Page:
The modem server also communicates directly with the TOC system by TCP/IP pipes. The server passes all relevant status and event data to two different addresses, one for the main TOC system located in the same building and one for the standby TOC system at the backup site at Sutton Coldfield. This provides the TOC team with information regarding site mains failures and restorations directly to their management system, eliminating the need to run a Messenger client system in the TOC department. The system also has the ability to automatically send SMS text messages to on-duty field staff responsible for investigating and correcting site faults. For information purposes, emails of such alarm events are also automatically generated and sent to the personnel responsible for installing and maintaining the Messenger units themselves.

Billing reports are created automatically at defined intervals and forwarded to relevant parties ready for forward billing to National Grid Wireless's own customers.

A number of client terminals, fitted with the standard Messenger host terminal software, are also used in the system. This is to enable relevant personnel to examine the current status of the Messenger units and to reprogram parameters and view/search historical archives of system events.

A duplicate database server and modem server are located at the Sutton Coldfield backup site ready to take over operations whenever required. The database will soon be linked to the main database server as a replicated database, where the data is kept in step with the main database so the two systems can run in parallel, and hand-over to the standby system will be seamless.

Host Terminal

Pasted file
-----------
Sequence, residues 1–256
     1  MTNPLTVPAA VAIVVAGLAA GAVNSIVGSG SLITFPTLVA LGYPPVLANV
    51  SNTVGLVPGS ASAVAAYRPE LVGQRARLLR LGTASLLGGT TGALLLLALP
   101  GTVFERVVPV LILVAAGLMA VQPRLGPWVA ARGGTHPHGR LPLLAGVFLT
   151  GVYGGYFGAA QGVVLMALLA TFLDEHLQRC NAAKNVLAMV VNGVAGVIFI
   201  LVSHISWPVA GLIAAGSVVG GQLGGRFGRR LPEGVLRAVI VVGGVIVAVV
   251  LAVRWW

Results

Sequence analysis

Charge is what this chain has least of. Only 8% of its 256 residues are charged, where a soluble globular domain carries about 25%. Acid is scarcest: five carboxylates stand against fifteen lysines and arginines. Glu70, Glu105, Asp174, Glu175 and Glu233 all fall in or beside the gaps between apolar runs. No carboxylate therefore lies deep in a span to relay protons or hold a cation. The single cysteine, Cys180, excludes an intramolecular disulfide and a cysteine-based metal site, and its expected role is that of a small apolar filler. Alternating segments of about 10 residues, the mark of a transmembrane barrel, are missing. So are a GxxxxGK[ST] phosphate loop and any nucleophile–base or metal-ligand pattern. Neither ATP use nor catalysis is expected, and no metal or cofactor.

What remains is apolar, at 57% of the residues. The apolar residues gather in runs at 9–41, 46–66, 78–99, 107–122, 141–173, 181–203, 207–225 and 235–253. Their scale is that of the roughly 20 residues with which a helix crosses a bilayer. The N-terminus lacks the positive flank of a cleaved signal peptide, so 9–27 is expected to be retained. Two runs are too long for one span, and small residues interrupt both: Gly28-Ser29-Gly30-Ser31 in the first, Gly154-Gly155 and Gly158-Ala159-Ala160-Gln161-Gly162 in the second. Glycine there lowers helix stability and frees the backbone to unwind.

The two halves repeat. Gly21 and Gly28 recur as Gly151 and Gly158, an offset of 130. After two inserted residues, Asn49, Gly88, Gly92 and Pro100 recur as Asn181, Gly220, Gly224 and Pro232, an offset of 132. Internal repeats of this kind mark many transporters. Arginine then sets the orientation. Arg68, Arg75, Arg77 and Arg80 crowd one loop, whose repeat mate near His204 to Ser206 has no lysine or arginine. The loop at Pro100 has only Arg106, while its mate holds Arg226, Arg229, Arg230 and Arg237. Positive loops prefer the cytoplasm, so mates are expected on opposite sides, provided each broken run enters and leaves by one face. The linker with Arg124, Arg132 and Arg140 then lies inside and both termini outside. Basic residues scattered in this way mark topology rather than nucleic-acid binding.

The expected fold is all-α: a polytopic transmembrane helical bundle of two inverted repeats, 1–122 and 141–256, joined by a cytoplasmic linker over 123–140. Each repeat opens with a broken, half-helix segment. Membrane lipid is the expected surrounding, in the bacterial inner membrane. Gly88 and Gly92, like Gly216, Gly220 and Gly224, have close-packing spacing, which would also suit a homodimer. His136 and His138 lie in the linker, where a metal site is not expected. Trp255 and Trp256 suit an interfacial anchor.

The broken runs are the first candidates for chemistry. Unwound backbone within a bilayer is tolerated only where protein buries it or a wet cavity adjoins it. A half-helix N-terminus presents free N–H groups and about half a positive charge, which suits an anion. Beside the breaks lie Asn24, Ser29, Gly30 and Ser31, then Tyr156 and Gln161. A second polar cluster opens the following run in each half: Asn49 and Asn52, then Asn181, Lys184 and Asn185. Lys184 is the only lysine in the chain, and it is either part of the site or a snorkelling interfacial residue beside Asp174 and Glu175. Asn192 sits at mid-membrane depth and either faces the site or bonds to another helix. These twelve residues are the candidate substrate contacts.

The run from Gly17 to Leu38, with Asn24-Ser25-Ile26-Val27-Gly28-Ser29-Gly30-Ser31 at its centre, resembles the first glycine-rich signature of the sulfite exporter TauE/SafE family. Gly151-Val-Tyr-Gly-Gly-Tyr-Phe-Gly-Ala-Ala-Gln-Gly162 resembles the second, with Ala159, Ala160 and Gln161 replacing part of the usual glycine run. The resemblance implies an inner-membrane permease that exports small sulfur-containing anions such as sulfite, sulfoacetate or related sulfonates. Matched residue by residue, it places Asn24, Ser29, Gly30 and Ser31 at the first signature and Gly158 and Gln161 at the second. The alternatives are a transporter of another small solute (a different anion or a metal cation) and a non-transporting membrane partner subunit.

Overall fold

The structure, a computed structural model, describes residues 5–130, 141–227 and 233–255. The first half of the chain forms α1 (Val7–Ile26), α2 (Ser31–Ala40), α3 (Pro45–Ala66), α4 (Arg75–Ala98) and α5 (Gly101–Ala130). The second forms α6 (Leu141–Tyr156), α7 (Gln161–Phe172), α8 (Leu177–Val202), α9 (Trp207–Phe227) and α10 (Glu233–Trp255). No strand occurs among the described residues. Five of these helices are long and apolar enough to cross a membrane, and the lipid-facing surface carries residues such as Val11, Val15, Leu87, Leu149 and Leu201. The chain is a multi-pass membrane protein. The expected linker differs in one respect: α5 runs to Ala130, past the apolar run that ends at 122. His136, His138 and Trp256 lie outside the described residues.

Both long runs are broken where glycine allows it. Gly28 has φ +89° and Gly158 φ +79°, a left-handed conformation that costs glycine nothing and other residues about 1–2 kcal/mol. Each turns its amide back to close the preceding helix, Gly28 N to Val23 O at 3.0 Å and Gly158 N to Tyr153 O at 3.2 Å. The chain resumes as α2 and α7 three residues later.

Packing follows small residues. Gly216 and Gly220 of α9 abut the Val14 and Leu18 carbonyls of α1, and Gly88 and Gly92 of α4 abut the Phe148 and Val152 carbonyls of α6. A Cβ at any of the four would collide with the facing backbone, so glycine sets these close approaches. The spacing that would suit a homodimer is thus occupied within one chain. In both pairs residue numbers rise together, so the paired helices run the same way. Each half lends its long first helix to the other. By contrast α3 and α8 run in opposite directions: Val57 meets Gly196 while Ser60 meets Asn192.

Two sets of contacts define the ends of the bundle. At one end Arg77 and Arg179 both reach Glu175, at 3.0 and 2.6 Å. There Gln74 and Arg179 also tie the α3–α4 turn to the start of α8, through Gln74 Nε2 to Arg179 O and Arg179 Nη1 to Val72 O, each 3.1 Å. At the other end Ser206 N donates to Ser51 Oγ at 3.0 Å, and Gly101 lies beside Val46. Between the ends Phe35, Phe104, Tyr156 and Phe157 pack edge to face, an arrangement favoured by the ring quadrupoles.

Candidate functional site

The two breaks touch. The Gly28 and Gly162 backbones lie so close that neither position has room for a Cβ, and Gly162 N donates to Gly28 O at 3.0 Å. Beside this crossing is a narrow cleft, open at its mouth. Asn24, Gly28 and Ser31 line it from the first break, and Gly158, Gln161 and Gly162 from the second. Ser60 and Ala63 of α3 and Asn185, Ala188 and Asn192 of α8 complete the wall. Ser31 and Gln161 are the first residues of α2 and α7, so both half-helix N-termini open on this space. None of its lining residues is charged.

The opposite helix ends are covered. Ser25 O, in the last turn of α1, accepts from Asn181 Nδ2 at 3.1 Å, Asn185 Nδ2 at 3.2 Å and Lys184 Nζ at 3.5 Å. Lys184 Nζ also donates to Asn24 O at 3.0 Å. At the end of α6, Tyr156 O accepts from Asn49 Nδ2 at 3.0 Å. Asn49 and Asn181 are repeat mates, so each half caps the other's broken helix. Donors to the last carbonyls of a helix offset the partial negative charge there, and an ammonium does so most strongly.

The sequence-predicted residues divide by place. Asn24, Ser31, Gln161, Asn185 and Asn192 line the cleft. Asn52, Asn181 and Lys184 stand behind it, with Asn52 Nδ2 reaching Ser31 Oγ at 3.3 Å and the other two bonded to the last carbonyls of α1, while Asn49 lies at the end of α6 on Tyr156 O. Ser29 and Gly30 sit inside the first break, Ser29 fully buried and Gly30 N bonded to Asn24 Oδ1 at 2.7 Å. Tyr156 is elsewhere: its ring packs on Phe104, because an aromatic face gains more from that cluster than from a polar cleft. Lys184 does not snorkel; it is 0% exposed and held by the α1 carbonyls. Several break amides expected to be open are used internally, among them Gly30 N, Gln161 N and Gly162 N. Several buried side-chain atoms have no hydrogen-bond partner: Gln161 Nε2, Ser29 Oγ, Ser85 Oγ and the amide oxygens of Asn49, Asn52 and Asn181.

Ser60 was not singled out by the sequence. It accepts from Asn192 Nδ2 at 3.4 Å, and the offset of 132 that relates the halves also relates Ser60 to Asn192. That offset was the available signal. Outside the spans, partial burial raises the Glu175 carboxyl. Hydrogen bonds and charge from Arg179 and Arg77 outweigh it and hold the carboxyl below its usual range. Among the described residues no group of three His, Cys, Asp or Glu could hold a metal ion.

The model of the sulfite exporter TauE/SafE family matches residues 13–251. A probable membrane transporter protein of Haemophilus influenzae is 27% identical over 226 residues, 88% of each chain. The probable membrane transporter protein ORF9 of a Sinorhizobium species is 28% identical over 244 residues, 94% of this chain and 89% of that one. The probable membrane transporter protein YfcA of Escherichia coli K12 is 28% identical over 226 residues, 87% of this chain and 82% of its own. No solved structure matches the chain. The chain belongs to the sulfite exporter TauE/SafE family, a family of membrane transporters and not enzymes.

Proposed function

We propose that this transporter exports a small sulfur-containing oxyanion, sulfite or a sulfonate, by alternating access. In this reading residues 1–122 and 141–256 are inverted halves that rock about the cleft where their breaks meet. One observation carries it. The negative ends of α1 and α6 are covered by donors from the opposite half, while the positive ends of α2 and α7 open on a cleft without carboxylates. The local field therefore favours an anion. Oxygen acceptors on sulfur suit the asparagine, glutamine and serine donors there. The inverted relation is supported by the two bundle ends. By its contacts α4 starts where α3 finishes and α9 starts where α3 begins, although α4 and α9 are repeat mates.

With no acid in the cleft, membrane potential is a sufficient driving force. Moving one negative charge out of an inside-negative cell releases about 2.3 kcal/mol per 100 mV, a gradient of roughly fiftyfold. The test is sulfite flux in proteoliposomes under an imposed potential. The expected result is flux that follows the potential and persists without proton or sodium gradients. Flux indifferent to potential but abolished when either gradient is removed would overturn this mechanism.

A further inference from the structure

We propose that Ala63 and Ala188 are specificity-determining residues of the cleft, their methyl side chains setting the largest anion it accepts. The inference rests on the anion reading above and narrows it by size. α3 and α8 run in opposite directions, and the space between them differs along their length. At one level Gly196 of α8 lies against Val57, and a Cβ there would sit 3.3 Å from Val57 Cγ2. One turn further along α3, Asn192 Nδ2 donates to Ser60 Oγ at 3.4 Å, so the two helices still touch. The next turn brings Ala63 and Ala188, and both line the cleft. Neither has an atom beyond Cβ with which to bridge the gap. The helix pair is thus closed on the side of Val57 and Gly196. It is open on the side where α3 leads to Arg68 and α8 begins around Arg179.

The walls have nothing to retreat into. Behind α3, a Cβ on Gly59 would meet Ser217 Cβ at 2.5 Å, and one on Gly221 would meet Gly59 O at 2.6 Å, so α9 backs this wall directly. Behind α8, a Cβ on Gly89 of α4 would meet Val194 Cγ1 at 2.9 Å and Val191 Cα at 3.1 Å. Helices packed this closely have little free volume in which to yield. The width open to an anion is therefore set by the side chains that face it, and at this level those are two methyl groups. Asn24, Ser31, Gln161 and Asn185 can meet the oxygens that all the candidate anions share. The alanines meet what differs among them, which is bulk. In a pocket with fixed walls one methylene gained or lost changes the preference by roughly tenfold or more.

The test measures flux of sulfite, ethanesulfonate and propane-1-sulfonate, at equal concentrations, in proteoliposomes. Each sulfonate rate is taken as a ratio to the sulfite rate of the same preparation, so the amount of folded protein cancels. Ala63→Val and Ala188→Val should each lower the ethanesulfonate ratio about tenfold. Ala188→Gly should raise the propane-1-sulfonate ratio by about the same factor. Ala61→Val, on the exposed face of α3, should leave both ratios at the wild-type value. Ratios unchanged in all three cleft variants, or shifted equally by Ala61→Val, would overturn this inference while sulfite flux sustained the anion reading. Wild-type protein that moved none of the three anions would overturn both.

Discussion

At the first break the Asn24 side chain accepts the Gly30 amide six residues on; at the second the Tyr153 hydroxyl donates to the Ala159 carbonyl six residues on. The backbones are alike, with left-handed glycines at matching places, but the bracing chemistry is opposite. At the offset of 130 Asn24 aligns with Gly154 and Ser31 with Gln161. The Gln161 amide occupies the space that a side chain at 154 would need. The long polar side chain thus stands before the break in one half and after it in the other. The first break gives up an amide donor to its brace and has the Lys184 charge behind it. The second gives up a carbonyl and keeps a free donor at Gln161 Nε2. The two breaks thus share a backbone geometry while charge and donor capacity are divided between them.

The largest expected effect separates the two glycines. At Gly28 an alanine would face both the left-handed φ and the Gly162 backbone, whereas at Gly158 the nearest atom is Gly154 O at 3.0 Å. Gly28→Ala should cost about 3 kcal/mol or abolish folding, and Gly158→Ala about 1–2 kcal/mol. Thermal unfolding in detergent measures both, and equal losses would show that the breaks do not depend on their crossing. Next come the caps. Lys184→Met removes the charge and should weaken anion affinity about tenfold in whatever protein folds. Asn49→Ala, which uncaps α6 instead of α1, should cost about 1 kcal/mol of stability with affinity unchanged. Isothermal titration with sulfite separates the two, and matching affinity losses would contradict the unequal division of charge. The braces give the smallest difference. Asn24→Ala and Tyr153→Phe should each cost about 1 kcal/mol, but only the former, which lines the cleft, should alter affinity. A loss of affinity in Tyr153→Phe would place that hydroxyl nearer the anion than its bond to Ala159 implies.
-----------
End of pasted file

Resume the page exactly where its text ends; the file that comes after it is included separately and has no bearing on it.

The individual elements of this system are as follows:

Database Server
This is the heart of the system where all the status and historical data is stored. This is comprised of an Oracle 9 database management system running on a Windows 2000 server PC.

Modem Servers
The system contains 2 modem servers, one on the main site and one on the backup site, to receive and make calls from/to the M62 units. Each server consists of the standard host terminal software installed on a Windows 2000 server PC mounted in a rack. The software is installed as a Windows “Service” to avoid the need for user intervention in server power up or the need for a server to be logged on for the software to run. Although these terminals are not used with permanent monitors or keyboards, as they are unmanned, they can be used as standard client terminals if desired.

Standard Client Terminals
The standard client terminal software is used to provide system status and the viewing of historical event data. Client terminals in this system are usually used in an ad-hoc basis, where the software is run on demand.

Technical Operation Centre
The Technical Operations Centre (TOC) is the National Grid Wireless department responsible for maintaining 24/7 monitoring of National Grid Wireless equipment and sites. Two TCPI/IP pipes are established from each of the modem servers to the TOC management systems (both the main system and the backup system at Sutton Coldfield) to pass information regarding the loss or recovery of power from monitored M62 sites.